Tell your students the following everyday
- Addition, subtraction, multiplication, and division is part of math but math is so much more! While algebra is a focus in many classrooms, don't forget about geometry, probability, or data analysis.
- You can't make understanding an algorithmic process. Students need to experience confusion, misunderstanding, and failure as part of the understanding process.
- Being good at math is not something that is easily explainable. Accuracy and speed in procedural mathematics is only one way. Other ways include being open minded, logical, discussing conjectures, and trying to answer "why?". Everyone can be good at math and we need people who can do math in those different ways.
- While a problem may only have one correct answer, it may have many different correct solutions. While some solutions are more efficient, or effective than others, it is more important that everyone understands at least one way of arriving at the correct answer. Math must make sense.
- We can get better at certain skills of math by practice, however talking and discussing with your fellow students will allow you to understand mathematical ideas deeper.
When developing algebraic thinking with students, we shouldn't force students do what is the most efficient (as sometimes this is objective anyways), but to do what makes sense. When presented with a set of data, or a pattern, Thorton (2001) argues that it is less important that students be able to find the algebraic rule than they recognize a rule can be represented in equivalent algebraic expressions. When "finding the rule becomes the focus" most mathematical thinking is lost.
Lets, for example, look at the following grid. I want you to tell me how many blocks are coloured in this 10x10 grid without counting the blocks individually. It is crucial you do this without writing, talking to a partner or counting, as it will force your mind to make generalizations which will be the basis of deeper learning to come.
As a teacher we should first ask students now to share answers, not strategies, with an elbow partner. This would then force some to reevaluate their strategy and possibly pick up any common errors he/she may have made.
Now how did you do it? Here are some strategies in Arithmetic form:
As a reader, are you able to explain how each of the expressions above arrive at the same answer? An important task in furthering one's mind into algebraic thinking.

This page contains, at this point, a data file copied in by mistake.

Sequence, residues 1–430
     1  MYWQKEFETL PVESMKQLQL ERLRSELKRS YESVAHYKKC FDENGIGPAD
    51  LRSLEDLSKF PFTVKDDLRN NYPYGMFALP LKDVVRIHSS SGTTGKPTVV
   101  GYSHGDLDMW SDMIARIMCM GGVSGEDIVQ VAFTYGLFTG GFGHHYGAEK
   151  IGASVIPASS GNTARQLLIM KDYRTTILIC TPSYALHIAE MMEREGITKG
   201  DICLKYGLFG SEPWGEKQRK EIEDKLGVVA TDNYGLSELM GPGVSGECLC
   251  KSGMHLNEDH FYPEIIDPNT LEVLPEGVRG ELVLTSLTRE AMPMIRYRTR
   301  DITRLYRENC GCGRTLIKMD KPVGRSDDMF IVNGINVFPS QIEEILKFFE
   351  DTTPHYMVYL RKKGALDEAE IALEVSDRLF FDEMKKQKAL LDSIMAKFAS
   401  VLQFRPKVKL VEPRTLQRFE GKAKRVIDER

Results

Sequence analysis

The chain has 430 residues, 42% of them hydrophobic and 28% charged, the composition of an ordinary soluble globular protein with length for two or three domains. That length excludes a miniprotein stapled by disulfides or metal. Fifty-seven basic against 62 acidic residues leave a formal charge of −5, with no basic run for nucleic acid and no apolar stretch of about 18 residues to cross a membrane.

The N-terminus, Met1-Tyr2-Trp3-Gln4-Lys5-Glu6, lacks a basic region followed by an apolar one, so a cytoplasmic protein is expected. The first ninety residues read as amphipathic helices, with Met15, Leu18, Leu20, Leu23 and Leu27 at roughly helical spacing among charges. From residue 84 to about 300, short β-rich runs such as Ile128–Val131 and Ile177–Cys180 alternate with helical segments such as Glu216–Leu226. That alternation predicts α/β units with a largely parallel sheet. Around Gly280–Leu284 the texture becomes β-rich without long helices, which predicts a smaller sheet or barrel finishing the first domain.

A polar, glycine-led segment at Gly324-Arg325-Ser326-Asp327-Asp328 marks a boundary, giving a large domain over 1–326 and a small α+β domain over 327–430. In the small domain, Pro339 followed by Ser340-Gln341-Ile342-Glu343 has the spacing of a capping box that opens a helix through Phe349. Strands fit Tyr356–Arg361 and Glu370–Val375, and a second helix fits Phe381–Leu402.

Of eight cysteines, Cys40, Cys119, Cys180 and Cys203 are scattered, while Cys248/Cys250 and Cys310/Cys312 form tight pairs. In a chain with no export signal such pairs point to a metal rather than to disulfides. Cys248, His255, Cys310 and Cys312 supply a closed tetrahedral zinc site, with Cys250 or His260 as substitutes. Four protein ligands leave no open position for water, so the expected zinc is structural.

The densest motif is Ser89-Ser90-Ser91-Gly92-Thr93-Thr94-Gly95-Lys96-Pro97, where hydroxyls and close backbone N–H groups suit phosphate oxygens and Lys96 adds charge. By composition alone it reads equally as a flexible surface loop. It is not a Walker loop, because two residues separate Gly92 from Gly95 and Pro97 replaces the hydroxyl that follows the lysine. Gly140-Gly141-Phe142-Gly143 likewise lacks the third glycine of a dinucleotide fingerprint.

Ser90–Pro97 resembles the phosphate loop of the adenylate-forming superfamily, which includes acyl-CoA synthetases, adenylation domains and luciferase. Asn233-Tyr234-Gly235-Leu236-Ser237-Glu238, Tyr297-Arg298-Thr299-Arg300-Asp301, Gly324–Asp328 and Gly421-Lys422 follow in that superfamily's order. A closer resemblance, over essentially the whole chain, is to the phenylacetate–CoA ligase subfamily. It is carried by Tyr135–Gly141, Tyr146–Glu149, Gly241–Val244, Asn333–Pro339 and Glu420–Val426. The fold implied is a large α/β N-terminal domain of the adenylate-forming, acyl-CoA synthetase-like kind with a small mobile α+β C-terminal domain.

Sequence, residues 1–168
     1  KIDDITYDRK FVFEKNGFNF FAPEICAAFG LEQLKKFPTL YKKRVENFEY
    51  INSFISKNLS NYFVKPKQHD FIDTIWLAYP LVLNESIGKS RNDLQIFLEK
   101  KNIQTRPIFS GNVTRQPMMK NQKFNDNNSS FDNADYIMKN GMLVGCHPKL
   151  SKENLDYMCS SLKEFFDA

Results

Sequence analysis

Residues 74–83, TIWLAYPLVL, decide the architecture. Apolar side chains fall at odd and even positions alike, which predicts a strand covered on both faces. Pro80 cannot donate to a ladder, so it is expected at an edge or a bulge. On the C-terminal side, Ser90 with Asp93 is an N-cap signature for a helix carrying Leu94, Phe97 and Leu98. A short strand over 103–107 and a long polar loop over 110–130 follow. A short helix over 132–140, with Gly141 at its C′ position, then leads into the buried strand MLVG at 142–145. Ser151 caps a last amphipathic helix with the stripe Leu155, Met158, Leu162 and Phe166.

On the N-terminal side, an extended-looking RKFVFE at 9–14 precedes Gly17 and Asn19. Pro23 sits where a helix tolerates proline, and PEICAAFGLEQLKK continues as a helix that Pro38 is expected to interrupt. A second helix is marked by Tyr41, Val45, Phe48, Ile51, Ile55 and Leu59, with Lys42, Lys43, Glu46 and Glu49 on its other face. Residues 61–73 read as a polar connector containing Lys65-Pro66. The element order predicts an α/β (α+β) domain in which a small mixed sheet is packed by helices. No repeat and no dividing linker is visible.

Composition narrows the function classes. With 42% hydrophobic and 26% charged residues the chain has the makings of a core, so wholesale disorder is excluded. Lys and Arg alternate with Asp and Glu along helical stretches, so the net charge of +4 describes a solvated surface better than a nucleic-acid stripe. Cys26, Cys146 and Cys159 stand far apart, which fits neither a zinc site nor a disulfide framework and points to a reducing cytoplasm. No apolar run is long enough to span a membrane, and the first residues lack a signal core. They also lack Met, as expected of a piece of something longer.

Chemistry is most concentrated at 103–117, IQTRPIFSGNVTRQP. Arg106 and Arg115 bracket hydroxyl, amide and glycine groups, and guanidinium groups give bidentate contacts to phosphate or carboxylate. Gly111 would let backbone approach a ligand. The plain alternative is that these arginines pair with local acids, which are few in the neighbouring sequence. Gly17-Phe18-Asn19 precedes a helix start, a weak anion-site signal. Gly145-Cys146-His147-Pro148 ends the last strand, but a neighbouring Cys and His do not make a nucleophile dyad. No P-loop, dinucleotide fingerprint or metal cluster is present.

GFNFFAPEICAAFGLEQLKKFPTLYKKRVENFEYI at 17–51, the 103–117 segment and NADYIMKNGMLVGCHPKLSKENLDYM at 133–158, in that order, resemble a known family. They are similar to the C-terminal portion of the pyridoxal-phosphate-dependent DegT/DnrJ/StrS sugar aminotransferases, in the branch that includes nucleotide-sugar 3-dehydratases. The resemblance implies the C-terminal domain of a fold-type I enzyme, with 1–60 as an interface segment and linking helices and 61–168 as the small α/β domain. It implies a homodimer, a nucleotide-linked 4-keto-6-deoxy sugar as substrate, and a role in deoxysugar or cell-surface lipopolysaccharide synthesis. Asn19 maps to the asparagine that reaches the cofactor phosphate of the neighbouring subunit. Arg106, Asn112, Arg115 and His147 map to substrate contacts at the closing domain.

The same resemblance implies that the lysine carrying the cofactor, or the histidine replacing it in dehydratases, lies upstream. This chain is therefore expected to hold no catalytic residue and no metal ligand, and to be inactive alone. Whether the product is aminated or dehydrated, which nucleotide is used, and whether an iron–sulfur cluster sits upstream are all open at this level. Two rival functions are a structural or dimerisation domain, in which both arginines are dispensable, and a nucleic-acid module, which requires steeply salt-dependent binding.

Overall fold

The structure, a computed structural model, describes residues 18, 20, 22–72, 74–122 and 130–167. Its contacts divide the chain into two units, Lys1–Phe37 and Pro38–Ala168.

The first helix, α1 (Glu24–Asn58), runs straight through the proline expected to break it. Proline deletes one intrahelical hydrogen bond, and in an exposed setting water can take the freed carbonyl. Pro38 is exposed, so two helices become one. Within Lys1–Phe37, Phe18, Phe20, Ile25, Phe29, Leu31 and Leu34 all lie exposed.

Imagine if this was done in a classroom. Jason stands up and explains why he simply went 4x10-4. There might be some smiles, nods, confused looks. Some students will have seen the same answer provided a different way. Does this happen on a worksheet?
Of course now, you have realized that the correct answer is 36. Would then the expression "30+6" be appropriate? This is where conceptual differs from procedural. Yes 30+6 equals 36 but unless a child can create meaning to the 30 and to the 6, I would disagree that 30+6 would be an appropriate response in this context. This illustrates the idea of solution(30+6) vs answer (36).
What if the grid was 8x8, how would the above expressions change? Would a number change in every expression or only some? This idea of visualizing a problem and solving it, is crucial to the advancement of one's knowledge.
Going back to your strategy and stretching the square to an unknown length, could you create a verbal description of what would you do?
Now the algebra begins..but first...
Noss, Healy, and Hoyles (1997) point out that somewhere we stop seeing algebra as a tool but instead of the end point of a problem. The confusion starts when we see problems as a way to practice algebraic skills instead of using algebra to explore problems.
When bringing in letters into these expressions we must remember some powerful pitfalls:
- The largest misconception is that letters are labels or initials. (pg 25)
- Changing the variable to a different letter changes the solution. (Let students pick the letter, and encourage different students with different letters)
- The equal sign simply means "gets the answer". (Try writing 5=2+3 as often as 2+3=5 especially in earlier grades)
Taking these points into account, create a variable for the side length of the square. Could you create an expression using your variable to show the amount of squares which would be shaded? Knowing what you have done so far, how could you test your expression?
In a class at this point it would be helpful to ask the class "What will be staying the same? What will be changing? As we bridge the gap from numbers to a variable". For example if the strategy you are using is 10*10-8*8, then the multiplication and subtraction will remain the same while 10 and 8 will change to x and x-2 respectfully. I would not tell them this, but instead question it.
If you followed all of these tasks then you have now done the problem in 3 different approaches: Arithmetic, Verbal, and Algebraic.
The crucial part of this example, or if this lesson was to be developed into a classroom, is to ask questions and not simply give answers. Remind them we are not seeking the solution, but a solution that makes sense to them. Embrace students' wrong answers since learners who are given competing ideas, engage in cognitive conflict and such conflict promotes learning more than the passive reception of ideas that are always correct and seem straightforward (Fredricks, Blumenfeld, and Paris 2004).